Story: Hyung-tae (Cho Seung-woo) is one of the developers of the Online-Dating Game "Who are you". His company
starts to run out of money, and more and more employees jump off. The game enters the crucial beta-phase, which
Byulee also attends to. In reality Byulee is In-ju (Lee Na-yeong), who works at a "Sea World Aquarium".
Byulee has Mello as her partner whom she confides her secrets to, after a while. For Byulee it's her first friend
she can talk to openly. And Mello is no one else than Hyung-tae.
In-ju and Hyung-tae also happen to come across each other in real life, since they work in the same office building. In contrast to his virtual alter Ego, Hyung-tae does a lot wrong when meeting with In-ju and so as Mello he has to hear In-ju's criticism about him. However, the time has come when Hyung-tae has to tell her that he actually is Mello. But how is he supposed to?
Review: Yep, it's time again for another Korean romance. This time the focus is the internet and chatting.
Parallels to "You've got mail" can't be denied, but luckily "Who are you" is not a romance that goes for some cheap
tears, but instead delivers some interestingly believable characters. A little bit of drama and romance isn't
missing, yet fortunately, there is no kitsch or exaggerated melodramatics. That's also the reason, why I can
watch some of these movies every now and then. Especially, since "Who are you" shines with a good presentation and
some nice ideas.
As the movie is nearly completely about an Online-Dating-Game, we also get to see much of the game. The world of the game reminds us a little bit of "The Sims". With a lot of well done animations the whole chatting thing gets a special charisma and doesn't get lost in some boring text-messaging.
The fact, that the game is never standing in the spotlight, although omnipresent, and that instead the focus is on the characters is also a pretty good choice. The individual characters are all elaborated very well and will keep the viewer interested.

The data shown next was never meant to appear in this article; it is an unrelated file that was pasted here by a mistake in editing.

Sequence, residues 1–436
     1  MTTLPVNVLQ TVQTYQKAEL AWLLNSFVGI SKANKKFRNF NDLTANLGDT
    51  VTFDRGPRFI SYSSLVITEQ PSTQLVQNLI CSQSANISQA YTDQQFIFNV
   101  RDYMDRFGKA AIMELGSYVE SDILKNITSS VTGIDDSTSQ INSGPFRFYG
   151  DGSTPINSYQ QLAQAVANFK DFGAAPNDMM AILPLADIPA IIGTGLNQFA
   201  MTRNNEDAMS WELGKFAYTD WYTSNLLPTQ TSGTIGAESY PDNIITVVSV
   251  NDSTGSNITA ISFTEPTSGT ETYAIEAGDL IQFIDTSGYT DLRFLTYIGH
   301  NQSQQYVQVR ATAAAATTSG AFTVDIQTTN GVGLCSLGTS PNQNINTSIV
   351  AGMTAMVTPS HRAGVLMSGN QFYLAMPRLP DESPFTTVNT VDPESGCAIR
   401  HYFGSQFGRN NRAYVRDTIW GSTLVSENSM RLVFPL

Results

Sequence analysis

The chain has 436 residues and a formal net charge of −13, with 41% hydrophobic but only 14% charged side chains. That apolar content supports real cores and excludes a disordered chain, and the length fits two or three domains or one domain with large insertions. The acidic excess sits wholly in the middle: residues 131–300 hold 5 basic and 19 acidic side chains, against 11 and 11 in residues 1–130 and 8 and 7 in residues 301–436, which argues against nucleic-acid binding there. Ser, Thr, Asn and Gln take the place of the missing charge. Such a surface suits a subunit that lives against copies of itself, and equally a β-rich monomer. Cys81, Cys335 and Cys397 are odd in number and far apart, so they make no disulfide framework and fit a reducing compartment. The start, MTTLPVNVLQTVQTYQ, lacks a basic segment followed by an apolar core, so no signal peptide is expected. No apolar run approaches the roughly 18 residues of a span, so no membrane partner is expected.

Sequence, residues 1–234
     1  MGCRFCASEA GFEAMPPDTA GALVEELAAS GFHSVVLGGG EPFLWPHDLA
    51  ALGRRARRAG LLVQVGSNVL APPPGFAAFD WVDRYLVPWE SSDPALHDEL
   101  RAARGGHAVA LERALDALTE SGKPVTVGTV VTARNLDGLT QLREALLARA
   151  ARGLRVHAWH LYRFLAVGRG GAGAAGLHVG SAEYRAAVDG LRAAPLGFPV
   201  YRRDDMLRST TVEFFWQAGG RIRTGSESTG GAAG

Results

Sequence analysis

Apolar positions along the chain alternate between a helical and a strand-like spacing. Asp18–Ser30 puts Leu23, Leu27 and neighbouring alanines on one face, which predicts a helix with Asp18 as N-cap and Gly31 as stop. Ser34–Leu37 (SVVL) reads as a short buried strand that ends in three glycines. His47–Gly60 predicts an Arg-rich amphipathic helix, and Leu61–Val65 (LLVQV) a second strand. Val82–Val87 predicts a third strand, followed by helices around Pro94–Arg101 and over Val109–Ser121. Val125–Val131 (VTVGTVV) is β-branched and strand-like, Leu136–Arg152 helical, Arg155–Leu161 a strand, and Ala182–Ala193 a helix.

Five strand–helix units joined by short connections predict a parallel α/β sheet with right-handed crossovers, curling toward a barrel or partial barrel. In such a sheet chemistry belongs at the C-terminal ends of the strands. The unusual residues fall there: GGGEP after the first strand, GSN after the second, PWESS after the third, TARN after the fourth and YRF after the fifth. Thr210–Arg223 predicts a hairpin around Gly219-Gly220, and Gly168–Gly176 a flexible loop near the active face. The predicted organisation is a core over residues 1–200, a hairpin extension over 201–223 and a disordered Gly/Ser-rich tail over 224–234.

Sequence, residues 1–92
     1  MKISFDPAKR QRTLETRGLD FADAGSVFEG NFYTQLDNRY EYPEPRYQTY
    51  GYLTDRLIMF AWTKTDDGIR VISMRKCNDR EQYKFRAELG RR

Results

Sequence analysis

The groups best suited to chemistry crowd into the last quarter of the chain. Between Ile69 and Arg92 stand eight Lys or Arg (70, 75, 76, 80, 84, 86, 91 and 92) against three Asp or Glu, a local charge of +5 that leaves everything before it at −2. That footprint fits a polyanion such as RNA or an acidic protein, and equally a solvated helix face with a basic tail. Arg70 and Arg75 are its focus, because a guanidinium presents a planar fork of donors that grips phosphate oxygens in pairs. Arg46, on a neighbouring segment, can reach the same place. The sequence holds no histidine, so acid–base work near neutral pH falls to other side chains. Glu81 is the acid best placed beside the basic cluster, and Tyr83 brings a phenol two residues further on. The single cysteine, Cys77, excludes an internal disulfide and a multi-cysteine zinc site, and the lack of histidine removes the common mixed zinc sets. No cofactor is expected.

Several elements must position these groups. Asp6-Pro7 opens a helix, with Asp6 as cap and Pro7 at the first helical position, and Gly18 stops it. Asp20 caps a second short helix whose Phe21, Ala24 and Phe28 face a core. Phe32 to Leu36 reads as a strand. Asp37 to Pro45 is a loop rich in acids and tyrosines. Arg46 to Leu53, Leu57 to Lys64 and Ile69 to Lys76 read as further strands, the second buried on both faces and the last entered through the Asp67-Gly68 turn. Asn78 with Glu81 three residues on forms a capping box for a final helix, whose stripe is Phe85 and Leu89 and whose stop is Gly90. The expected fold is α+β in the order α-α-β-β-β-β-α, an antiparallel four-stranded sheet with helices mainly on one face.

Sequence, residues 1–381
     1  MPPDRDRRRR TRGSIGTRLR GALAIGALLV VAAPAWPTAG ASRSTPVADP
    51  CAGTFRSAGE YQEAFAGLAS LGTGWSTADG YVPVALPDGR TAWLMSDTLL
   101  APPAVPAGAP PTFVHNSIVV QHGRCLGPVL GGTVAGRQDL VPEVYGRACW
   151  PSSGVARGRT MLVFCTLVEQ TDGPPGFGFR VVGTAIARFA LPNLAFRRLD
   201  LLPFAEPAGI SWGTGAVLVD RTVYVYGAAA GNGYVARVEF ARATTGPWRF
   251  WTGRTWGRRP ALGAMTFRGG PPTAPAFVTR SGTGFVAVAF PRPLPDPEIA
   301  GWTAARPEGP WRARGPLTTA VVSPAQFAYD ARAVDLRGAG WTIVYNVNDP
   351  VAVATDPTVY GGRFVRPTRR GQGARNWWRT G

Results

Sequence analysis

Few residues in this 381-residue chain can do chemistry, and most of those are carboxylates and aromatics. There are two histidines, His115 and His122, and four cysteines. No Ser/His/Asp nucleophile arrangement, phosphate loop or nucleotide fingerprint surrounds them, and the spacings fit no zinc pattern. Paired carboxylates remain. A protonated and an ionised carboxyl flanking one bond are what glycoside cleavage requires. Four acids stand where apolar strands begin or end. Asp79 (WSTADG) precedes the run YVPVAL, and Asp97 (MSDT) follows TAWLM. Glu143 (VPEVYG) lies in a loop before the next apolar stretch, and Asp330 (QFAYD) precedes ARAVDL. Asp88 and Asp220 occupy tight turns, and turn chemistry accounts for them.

Cho Seung-woo is the game designer Hyung-tae, who nearly spends the whole day in his game design studio putting all his eggs into one basket, namely the game "Who are you". If the game doesn't become a hit, Hyung-tae will have to sleep on the street. Yet, although he is quite aware of that, that's no reason for him to panic. He is a rather positive person, who doesn't get disconcerted so easily. His only problem is, that he is not able to tell In-ju the things which come so naturally to him when being "Mello".
Lee Na-yeong as In-ju doesn't just look good, but can also convince with her acting. She bestows her character with intensity and manages it to be very believable. As a former professional swimmer, who lost her hearing and now has to manage her everyday life with the help of an acoustic aid, she can't stand it if people pity her or try to behave sorrowful in front of her. Here you won't get your typical going-for-some-tears thing, but the focus is on real emotions and relationships.
Jo Eun-ji and Lee Jang-won do a good job as the supporting cast, too, and every now and then they are also responsible for some mild laughs.
The direction is solid and the movie basically establishes a positive atmosphere. So it's no wonder, that the script is somewhat predictable. How could there be no Happy End, and so the only question remaining is how the two get together, eventually.
Hyung-tae is the only one knowing about the real identities of the virtual characters, thus the movie gets an additional story level. Everything he says has a twofold meaning, and the picture that Byulee draws of him is also quite interesting.
All in all, the story is told pretty nice and with an eye for details, but at its heart it's nothing new.
"Who are you" is a drama without feeling like one, and a romance without really being one. For this the movie has to get some credit. The credible characters also add to a positive overall picture, it's just that the movie has to struggle with its typical predictability of the romantic story.
It's also questionable why the movie couldn't have been shortened a little bit. It wouldn't have caused any harm, anyway.
One real sore point remains, though. Even if the characters are portrayed quite good on their own, there is no convincing chemistry between them. Maybe that's only my humble opinion, but something just seemed to be missing.
At it's bottom line "Who are you" is for sure one of the better romances, and even if it has some weak points it can be recommended with a clean conscience to fans of the genre as well as to non-fans, as it will most likely guarantee for a nice movie evening.